Winnsboro is a “certified” Louisiana Development Ready Community (LDRC).
The certification came after Town Council members passed a resolution at their June 15 meeting in support of a proposed five-year strategic plan designed to improve vital local areas such as education, economic development and internet access.
“We are ready to move forward with strategic plans for Winnsboro,” said Carmen Sims, project manager. “This will allow us to be first on the (statewide) list with economic development packages whenever there are proposals.”
The plan was developed by a LDRC process steering committee and is comprised of concerned citizens, brainstorming ways to improve the area’s economic development, recreation, education, broadband access and marketing. The group is participating in the LDRC program through the Louisiana Economic Development office and the Louisiana Municipal Association.
With the resolution passing, the Economic Development Ready Community group will now start working on individual goals in the strategic plan, Sims said.
“This is a feather in Winnsboro’s cap,” Sims said. “There are only 42 other LDRC communities statewide.”
LDRC supports selected Louisiana communities to become development ready and “open for business” by creating and implementing a strategic five-year plan. Each community’s plan includes strategies to address education, workforce development, infrastructure, leadership and marketing / communications.
Winnsboro’s Economic Development Ready Community task force developed five strategic areas which includes education, economic development, telling our story, parks and recreation and broadband.
To establish its focus areas, the group performed a parish-wide questionnaire listing where participants ranked each subject one through 10 with one being weak and 10 being strong. More than 160 people took part in the survey.
“When we did the survey (Louisiana Economic Development) LED said if we could get a hundred (participants) that would be great because most communities get 15, 30, 40 results back,” Sims said in a Winnsboro-Franklin Chamber of Commerce meeting.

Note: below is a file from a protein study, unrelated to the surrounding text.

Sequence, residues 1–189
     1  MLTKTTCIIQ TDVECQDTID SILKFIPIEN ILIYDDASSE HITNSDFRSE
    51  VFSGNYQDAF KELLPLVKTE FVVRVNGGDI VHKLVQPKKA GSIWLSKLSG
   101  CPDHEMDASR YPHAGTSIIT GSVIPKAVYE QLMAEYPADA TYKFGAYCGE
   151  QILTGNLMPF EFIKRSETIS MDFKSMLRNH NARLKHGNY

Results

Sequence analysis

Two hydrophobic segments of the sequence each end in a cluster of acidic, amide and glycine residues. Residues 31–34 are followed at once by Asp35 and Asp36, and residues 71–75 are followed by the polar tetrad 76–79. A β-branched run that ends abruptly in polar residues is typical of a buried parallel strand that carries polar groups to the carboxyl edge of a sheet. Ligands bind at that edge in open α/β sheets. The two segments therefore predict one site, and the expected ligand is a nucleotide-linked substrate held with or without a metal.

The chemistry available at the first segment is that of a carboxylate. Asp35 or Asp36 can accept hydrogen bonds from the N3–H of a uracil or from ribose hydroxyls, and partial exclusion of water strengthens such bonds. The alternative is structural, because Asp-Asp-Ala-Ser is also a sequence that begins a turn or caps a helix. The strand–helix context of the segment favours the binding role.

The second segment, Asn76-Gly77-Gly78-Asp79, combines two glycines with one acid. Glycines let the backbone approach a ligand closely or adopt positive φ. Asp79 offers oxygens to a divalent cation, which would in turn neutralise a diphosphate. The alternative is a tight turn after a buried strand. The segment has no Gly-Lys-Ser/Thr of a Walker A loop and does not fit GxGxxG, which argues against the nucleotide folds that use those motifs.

The survey found education, trained workforce, local infrastructure, broadband availability, lack of retail and restaurants, job creation and incomplete activity center as local weaknesses.
Additionally, the survey found quality of life, Delta Community College, La. Hwy 15, available land and buildings, leadership, utilities, Main Street Historic District, law enforcement, churches and its people as local strengths.
Broadband internet access for Franklin Parish was the number one focus area after information was compiled from the survey.
Each focus area is led by a sub-committee which has established goals and priorities for their assigned areas.
Education sub-committee priority is expanding opportunities, participation, access and quality of K12 and postsecondary systems.
Public awareness and marketing of Franklin Parish and detailing positive attributes to promote local business and attract new businesses is the priority for the economic development sub-committee.
Parks and recreation sub-committee has listed two priorities. First, organize and complete improvements on high use existing parks such as Wallace, Rollins and Landis parks. Second priority was develop a comprehensive plan to expand Civitan Park walking trail as a step towards helping Winnsboro become a walking and biking friendly community.
The priority of the broadband sub-committee is to bring high speed internet service to local businesses and residents.
Telling Our Story sub-committee’s priority is to raise public awareness and market the community along with the positive attributes to promote local business while attracting new business.